Canada progresses nationwide single-use plastics ban

Despite opposition from industry groups and provinces, the Government of Canada is moving forward with a comprehensive plan to address plastic pollution.


On 21st December, the Minister of Environment and Climate Change and the Minister of Health announced draft regulations under the Canadian Environmental Protection Act, 1999 (CEPA) banning certain single-use plastics deemed to be harmful.


The proposed regulations would ban the manufacture, import and sale of checkout bags, cutlery, foodservice ware, ring carriers, stir sticks as well as straws. The regulations do not apply with respect to PMI that are manufactured, imported or sold for the purposes of exporting although it requires that records be kept on those items.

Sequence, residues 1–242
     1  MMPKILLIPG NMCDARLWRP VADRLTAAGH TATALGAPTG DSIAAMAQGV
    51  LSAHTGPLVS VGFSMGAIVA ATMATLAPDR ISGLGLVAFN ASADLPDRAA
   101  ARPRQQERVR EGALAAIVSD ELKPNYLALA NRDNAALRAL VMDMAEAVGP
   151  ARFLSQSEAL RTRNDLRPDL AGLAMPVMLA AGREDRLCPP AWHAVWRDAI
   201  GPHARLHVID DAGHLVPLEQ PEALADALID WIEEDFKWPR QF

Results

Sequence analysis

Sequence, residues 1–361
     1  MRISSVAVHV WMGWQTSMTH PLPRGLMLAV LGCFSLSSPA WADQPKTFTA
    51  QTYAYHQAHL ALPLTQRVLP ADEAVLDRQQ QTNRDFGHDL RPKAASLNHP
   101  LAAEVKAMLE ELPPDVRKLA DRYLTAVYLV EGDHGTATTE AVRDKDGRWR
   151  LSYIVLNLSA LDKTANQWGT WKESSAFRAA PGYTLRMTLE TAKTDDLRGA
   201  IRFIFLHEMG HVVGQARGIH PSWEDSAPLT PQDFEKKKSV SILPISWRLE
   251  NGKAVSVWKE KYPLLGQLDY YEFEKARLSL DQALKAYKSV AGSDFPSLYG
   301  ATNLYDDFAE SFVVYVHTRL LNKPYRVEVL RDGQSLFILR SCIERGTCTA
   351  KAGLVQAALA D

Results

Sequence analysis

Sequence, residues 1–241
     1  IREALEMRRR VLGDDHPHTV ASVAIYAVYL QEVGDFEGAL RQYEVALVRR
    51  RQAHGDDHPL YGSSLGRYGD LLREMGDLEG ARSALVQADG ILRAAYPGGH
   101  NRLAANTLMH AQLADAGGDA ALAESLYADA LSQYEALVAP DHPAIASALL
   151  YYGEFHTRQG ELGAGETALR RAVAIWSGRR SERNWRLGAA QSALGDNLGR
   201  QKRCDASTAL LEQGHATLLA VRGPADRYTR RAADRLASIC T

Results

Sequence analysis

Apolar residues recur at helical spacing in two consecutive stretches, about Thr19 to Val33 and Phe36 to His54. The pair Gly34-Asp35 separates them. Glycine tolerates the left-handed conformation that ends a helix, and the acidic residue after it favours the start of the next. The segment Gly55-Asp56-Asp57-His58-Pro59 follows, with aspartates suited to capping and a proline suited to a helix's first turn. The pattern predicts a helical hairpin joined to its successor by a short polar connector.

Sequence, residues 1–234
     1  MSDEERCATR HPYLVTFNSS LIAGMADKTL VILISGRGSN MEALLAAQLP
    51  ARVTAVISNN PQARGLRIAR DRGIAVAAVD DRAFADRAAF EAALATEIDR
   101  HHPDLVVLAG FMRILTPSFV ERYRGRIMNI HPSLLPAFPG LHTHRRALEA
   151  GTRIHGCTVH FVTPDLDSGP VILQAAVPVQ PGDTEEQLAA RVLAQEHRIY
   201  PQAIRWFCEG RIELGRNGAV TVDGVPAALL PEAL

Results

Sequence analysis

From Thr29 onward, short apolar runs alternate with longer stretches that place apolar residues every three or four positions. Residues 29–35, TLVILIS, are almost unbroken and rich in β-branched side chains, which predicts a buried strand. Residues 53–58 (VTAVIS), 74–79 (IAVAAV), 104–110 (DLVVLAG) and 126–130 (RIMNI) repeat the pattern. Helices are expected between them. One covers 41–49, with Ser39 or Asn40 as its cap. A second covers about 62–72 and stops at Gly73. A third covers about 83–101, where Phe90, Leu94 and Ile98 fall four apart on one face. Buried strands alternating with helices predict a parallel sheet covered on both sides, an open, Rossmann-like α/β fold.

Recognizing the use of single-use flexible plastic straws by medical patients and people with certain disabilities, the proposed regulations provide exceptions for these straws to ensure that they remain available, under certain conditions. Prohibitions on manufacture and import do not apply to single-use flexible plastic straws, and sales of these items are allowed in non-commercial, industrial and institutional settings (IC&I), in packages of 20 or more items at retail, or within care institutions.


The government proposes a one-year transition between the final publication of the regulations and their coming into force. The transition period would allow businesses time to transition away from single-use plastics and deplete current stocks of the items to be banned. The government is also expected to publish draft guidance to help businesses adapt to the proposed regulations.


Leave a Reply